As head of the Vatican Radio and the Vatican Television center, Lombardi said he will have the final say on what content is posted and all the material will be copyrighted by the Holy See.
"This is just a first step into social networking, we still have a lot to learn about how it works," he said, explaining that not all the interactive options on the channel will be available right away.
Initially, surfers will be able to send and share a video message as well as place it in the iGoogle file. But it will not be possible to download clips or post comments on the site, although comments can be sent.
The comments will be read by Lombardi and his assistants. "I must be honest. We just do not have the work force to reply to the messages for now but we are happy to receive them and will learn how to respond to them in the future."
Nearly 200,000 youths in the United States have already received the pope's message via Facebook and other social networking sites on the Internet, said Msg. Paul Tighe, secretary of the Vatican communications office. "The U.S. Bishop's conference is present on Facebook," he explained, "and thousands of young Catholics also communicate together via the social network called XT3.com."
When asked if the church was in favor of the Facebook social network , Archbishop Claudio Maria Celli, who heads the Vatican's communication office said, "I am still studying the matter. We have opened a debate on the subject but we have not decided on it yet."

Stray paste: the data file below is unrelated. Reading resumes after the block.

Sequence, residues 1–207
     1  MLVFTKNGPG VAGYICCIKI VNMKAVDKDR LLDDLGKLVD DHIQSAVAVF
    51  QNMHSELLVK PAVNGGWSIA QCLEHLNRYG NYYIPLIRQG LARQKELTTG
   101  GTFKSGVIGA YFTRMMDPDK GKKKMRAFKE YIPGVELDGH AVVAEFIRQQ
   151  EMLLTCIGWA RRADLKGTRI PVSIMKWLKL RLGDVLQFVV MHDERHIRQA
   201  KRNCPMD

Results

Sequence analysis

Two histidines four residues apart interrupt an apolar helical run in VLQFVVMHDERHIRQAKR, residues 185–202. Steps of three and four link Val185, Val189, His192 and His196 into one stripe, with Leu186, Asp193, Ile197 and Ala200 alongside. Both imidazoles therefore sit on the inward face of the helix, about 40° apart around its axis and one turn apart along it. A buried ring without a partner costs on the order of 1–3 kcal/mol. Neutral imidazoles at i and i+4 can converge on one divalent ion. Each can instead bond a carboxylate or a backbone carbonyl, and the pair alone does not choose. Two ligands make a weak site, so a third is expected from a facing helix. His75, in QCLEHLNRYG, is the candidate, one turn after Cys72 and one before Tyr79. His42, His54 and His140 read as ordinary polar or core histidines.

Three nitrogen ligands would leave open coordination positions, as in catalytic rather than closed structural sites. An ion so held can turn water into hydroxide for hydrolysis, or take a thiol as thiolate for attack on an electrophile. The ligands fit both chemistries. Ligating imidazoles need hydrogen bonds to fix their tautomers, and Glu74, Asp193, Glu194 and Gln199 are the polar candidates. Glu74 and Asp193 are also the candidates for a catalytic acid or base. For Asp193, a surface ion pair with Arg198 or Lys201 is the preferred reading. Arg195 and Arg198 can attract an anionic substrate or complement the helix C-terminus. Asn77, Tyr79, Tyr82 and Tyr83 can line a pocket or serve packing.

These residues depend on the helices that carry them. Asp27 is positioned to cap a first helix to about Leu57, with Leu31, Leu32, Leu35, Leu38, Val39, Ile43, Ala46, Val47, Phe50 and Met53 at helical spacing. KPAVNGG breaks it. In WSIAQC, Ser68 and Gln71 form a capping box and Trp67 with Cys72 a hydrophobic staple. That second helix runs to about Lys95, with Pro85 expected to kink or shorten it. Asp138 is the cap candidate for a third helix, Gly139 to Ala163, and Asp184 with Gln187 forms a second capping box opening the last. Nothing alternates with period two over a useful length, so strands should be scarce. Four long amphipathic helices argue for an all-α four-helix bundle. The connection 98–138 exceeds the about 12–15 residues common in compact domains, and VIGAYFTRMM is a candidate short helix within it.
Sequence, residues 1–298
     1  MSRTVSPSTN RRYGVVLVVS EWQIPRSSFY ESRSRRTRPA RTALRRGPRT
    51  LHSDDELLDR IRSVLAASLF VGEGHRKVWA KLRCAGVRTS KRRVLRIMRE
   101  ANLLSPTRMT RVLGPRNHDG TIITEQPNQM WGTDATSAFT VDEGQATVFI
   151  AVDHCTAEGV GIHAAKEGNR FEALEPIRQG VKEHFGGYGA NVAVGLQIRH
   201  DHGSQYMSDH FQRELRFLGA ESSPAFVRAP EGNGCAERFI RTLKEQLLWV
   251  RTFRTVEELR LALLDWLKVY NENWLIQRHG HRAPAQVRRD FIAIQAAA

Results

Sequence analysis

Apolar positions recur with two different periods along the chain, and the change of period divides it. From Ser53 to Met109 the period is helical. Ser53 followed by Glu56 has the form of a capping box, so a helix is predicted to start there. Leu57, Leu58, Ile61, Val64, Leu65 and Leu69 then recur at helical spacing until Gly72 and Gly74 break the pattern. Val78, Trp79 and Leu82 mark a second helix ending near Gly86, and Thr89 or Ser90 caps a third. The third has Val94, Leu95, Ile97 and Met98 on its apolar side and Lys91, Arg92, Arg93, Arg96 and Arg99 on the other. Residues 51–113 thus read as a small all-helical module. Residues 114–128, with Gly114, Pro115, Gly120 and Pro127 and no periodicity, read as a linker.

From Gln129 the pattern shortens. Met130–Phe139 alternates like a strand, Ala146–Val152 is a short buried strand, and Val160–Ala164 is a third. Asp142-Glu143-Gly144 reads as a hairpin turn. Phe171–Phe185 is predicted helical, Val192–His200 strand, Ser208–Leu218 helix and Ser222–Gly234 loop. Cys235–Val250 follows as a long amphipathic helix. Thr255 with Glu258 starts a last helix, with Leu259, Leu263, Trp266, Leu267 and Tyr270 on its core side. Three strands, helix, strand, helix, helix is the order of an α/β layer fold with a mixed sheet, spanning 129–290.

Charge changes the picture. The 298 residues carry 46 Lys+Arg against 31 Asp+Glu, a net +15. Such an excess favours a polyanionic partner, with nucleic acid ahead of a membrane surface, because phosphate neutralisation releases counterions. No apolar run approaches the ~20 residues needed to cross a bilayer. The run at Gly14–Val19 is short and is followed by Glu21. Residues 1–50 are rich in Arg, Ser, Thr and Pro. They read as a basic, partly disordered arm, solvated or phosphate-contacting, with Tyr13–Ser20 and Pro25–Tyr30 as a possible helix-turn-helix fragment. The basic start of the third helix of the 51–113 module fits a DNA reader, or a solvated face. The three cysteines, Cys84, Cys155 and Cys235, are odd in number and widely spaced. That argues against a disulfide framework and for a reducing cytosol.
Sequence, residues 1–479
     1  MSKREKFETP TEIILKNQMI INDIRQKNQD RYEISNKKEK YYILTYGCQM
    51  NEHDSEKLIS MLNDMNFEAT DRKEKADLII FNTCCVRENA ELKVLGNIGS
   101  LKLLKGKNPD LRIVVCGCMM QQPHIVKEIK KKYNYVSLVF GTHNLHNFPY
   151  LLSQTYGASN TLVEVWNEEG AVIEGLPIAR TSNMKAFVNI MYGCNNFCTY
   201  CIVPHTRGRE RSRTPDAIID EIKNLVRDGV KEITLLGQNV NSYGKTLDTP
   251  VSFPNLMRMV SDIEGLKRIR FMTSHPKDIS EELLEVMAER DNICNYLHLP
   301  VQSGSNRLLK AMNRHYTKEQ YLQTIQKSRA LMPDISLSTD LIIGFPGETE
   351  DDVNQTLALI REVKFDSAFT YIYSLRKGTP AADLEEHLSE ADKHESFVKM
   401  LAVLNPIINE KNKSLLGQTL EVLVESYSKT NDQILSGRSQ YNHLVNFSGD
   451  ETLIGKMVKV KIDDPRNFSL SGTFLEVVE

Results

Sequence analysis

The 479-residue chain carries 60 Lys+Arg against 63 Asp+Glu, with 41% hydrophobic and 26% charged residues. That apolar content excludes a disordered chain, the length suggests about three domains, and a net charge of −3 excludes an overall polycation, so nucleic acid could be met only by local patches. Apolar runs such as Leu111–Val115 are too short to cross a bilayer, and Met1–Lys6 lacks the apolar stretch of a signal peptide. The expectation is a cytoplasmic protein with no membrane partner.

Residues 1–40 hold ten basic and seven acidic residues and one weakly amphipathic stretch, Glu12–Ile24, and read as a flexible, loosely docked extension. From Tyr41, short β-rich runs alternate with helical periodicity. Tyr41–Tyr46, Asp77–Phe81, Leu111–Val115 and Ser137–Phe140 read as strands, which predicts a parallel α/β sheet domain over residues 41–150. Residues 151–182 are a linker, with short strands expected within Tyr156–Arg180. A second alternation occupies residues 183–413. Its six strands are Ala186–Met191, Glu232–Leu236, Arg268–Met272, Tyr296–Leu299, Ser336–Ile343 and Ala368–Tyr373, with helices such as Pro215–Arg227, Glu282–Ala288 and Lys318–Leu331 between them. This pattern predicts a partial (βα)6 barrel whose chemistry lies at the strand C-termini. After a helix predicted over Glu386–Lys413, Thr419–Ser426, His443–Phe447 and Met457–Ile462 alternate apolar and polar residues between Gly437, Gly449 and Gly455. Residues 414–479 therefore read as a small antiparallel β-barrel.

But a number of cardinals have posted their profiles on Facebook.
As with other institutions with channels on the YouTube site, the Vatican will not pay for the service. Henrique de Castro, a spokesman for Google, which owns YouTube, told journalists that the Vatican's debut is not a financial exchange but "a move to bring relevance to users."
The Queen of England made her debut on YouTube with her Christmas Day message in 2007 on the RoyalChannel page. U.S. President Obama started weekly YouTube addresses last November.
The pope is happy about the new channel, Lombardi said.
But on whether the pope actually uses the Internet, Celli said, "I do not have direct proof but I believe he does. Being a curious and attentive man of research, I would think so."